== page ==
The online game path of exile has a trick for reconciling a game that requires quick reaction times with the limitations of servers: it predicts the actions of the players. It doesn't have to predict far ahead - a couple hundred milliseconds - to keep the action running smoothly most of the time.
Prediction on this time frame isn't hard in principle; play often involves performing the same short
action repeatedly, such as firing an arrow, so the default prediction is just more of that. When the server predicts incorrectly, it usually has enough time to 'rewind' to the present and handle things as they come. The prediction is just an extra buffering layer that's in place when there is a lot of server lag.
Does video or music streaming do this? Could it?
In a song with a repetitive baseline, could the information to the client computer include: "repeat the sound from time x with the following deviations included in the buffer", rather than "play the following sound"? The "sound at time x" in this case is a note from the baseline and the deviations being the result of a human playing an instrument and not hitting the note exactly the same every time. In a case like that, potentially less data would need to be sent to reproduce the song, allowing for longer buffers or higher sound quality.
Likewise for video. Consider a live video feed of a soccer match, in which a player is running across the field. Video prediction may determine there is an object moving at some speed in some direction and predict a few frames ahead where that object will be, and thus what pixels to draw in that spot. Then the streaming service, making the same prediction, could just send the video information that deviates from this prediction.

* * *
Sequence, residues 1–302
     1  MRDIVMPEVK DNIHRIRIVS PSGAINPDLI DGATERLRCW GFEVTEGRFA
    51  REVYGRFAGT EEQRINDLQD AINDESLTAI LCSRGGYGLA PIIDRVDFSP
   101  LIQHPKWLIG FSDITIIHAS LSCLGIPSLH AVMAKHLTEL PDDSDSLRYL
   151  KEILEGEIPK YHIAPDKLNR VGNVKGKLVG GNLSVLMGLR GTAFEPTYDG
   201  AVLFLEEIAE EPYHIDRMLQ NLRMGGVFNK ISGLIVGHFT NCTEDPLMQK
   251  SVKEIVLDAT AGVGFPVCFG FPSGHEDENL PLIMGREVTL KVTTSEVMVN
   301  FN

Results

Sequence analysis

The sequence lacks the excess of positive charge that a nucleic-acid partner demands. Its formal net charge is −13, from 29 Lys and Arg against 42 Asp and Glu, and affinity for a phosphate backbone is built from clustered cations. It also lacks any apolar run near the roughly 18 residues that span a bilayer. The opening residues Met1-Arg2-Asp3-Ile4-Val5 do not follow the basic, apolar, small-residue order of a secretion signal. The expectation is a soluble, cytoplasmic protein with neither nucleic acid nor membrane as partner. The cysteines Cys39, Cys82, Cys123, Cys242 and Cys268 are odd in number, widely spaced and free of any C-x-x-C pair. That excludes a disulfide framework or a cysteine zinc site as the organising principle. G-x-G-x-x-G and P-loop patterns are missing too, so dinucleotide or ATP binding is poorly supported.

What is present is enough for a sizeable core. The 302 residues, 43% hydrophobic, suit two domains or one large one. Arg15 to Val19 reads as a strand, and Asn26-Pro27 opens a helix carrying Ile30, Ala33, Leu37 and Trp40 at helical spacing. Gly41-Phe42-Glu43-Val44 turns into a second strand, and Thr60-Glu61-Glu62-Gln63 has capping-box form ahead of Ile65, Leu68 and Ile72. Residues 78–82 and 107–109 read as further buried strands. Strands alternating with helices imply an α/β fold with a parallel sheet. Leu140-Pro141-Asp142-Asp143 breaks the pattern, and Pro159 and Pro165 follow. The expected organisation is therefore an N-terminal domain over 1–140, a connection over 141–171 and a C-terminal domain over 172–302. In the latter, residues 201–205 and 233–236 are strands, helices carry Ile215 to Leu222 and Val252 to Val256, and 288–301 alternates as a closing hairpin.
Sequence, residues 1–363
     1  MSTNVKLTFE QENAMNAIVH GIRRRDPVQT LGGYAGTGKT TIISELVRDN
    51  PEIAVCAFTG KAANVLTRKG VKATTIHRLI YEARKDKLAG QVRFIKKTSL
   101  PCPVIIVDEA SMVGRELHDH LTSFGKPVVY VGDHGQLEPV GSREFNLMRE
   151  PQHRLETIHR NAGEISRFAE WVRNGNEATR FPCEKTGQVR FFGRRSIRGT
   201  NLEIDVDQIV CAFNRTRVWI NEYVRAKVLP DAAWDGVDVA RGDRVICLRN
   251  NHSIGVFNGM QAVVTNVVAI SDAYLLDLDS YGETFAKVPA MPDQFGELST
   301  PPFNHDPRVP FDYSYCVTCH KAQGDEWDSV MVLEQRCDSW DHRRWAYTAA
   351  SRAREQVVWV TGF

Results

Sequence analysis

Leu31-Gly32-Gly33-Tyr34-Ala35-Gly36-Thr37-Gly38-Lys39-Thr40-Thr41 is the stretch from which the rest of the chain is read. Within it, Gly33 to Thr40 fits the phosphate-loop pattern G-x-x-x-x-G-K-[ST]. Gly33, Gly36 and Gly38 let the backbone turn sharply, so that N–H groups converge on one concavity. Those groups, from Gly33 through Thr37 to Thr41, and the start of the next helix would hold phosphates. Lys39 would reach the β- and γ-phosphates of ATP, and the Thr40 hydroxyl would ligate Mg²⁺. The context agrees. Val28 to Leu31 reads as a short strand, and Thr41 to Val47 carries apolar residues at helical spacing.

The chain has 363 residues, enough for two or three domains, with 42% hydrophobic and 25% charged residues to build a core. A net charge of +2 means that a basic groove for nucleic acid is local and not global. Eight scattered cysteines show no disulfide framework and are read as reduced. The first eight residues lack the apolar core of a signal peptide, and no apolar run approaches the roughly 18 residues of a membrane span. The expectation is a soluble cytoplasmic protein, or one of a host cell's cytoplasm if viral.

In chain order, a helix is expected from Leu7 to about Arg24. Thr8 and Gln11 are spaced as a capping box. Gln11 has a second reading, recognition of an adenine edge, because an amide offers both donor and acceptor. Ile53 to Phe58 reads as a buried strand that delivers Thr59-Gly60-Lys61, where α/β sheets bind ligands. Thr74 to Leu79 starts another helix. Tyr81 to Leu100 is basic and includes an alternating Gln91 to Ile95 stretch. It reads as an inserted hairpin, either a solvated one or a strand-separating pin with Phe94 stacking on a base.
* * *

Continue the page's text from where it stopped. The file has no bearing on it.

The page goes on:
For repetitive patterns like an animation of a like a spinning wheel or sparkling logo of a sports team. If the wheel spins in a predictable fashion, internet bandwidth could be saved by describing the movement of the wheel as "spinning as expected", where matching prediction software on the server and client sides both recognize that that part of the screen is taken up by an object in 10-frame loop.
This is different from encoding only the pixels that change from frame to frame. This prediction would incorporate likely changes in a picture based on simple movement patterns or on repetitive animations.
Consider a streaming game of hearthstone, like the last time I pretended to know about video encoding. There are certain animations that regularly impact video quality, such as sand sweeping across the entire screen, that involve a many pixels changing for a non-trivial amount of time. The video encoder does fine when the picture is mostly the same from frame to frame, but introduce one of these effects that causes a lot of pixels change at once, and the quality of the live stream.
However, the sand effect is one of sand moving slowly across the screen, its movement is predictable in that any one pixel of the effect is likely to follow the same trajectory as it did in the last few frames. Predictive video encoding is more scalable than the application specific encoding I mentioned before, but with time it could achieve the same effect if it was able to recognize frequently used pre-rendered effects such as lightning all over the screen. A predictive video encoder could recognize the first few frames of the 'lightning storm' effect and predict the rest without having to send any information about that part of the screen.
I'm no expert on video encoding, so this may all be jibberish.
Previous post on video encoding in Twitch, the possibility of application specific codecs.